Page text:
Schedule 1 substances are substances no medical benefit and high risk of abuse. The controlled Substances Act of 1970 Classified Marijuana as a having “No Accepted Medical Use”. After the passing of the Substances Act, medical practitioners were barred from prescribing modern cannabis for any medication, effectively removing the oldest known medicine from a whole generation of healers across the globe.
In 1971, the Shafer Commission was created by the U.S. president to determine the merit of criminalizing cannabis. The Shafer Commission was bi-partisan and overseen by congress. President Nixon himself ordered it to determine “if the personal use of marijuana should be criminalized.” The commission came back with an answer and Nixon ignored it because he didn’t like that they believed there was no reason to scale up action against users.
In 1971 president Nixon chose to aggressively pursue action against cannabis consumers by declaring the War on Drugs. Motivated by personal prejudice political corruption, he saw marijuana as a way to get at his political opponents. He even admitted at the time that his reasons for attacking cannabis users and increasing penalties was motivated by personal directives.

Nixon acknowledged his action was not based on empirical evidence.

He increased criminalization despite the commission he put together telling him officially and unequivocally that cannabis use should not be criminalized. Over the next two years, the Nixon built a force specifically designed to scale up violence against modern cannabis users.
The Department of Drug Enforcement (DEA) was established in 1973 by merging the Bureau of Narcotics and Dangerous Drugs (BNND) and the Office of Drug Abuse Law Enforcement (ODALE) into a single agency. It comes as no surprise that the DEA continues to aggressively pursue cannabis consumers, producers and distributors to this day. They use every tool at their disposal regardless of legality or constitutionality to continue the criminalization of marijuana.
Things continued to go downhill for cannabis in the coming years. It wasn’t until 1976 that Robert Randall (who was afflicted by glaucoma) used the Common Law Doctrine of Necessity (US v. Randall) to defend himself against criminal charges of marijuana cultivation. In 1976, federal Judge James Washington made waves with his ruling. Judge Washington ruled that Randall’s use of modern cannabis constituted a ‘medical necessity’ and the case was thrown out.
Modern cannabis 2

The next milestone for modern cannabis crusaders came in the winter of 1991.

Modern cannabis took a step forward with the passing of medical marijuana reform in California. The first medical marijuana initiative was called Proposition P and was in San Francisco. It passed with an overwhelming 79% of the vote in November of 1991.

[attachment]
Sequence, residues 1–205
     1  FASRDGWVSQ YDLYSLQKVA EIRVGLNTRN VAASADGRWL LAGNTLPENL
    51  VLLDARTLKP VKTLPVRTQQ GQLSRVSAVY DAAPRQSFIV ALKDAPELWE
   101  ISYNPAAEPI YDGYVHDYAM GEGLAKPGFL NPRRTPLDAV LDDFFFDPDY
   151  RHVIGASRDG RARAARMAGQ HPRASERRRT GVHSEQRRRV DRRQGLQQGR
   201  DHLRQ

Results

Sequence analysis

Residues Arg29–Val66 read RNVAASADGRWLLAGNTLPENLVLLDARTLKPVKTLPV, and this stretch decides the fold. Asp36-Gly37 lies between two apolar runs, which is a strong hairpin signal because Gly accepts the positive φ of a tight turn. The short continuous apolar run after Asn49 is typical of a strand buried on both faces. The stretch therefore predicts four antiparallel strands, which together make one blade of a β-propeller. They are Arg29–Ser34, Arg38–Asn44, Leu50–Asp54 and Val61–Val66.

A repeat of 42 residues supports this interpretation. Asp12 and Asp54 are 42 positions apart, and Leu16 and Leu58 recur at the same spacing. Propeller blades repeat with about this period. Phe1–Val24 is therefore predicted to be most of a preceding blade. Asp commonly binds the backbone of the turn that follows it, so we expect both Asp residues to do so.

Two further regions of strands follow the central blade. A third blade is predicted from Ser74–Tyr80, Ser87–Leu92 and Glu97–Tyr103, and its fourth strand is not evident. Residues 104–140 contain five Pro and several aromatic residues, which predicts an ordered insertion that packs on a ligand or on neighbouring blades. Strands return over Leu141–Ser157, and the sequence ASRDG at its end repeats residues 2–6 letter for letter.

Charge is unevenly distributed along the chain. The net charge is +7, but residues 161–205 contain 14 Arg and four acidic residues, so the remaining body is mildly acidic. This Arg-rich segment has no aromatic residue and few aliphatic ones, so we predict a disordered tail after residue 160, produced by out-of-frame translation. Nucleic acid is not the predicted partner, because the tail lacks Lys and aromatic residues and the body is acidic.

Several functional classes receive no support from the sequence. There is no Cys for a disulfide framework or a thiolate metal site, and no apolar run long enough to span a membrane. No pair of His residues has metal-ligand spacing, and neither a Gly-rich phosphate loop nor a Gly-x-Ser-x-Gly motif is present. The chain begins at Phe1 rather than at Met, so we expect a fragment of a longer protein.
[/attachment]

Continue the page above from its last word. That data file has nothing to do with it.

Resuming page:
Proposition P called on the State of California and the California Medical Association to restore hemp medical to the list of available medicines in California, and to stop penalizing physicians for prescribing hemp for medical purposes. It only effected San Francisco but the cogs of bureaucracy had been activated. It would take another 5 years for legislation to go statewide.
Voters in California passed the first statewide medical marijuana initiative on November 5, 1996. Known as Proposition 215, it permitted patients and their primary caregivers to possess and cultivate marijuana for the treatment of AIDS, cancer, muscle spasms, migraines, and several other disorders. It also protected doctors from state sponsored punishment if they recommended marijuana to their patients.

The wheels of bureaucracy turn slowly.

In September of 1998, the House of Representatives debated a resolution called H.J.Res. 117. They passed H.J.Res 117 at the same time Oregon, Washington and Alaska provided their medical marijuana programs. In H.J.Res. 117, Congress declared support for the existing federal drug approval process.
They decide not to reschedule marijuana despite the overwhelming evidence coming forth that it should be decriminalized. While cannabis is classified as having no medical benefit, the United States Department of Health and Human Services) currently holds a patent on medical cannabis.
Patent No. 6630507 covers the use of cannabinoids for treating a wide range of diseases and was submitted to the patent office in 1999. The Department of Health and Human Services was awarded the patent in 2003. Yet the Department of Health is not the only regulatory agency that has chosen to abandon science, compassion and reason.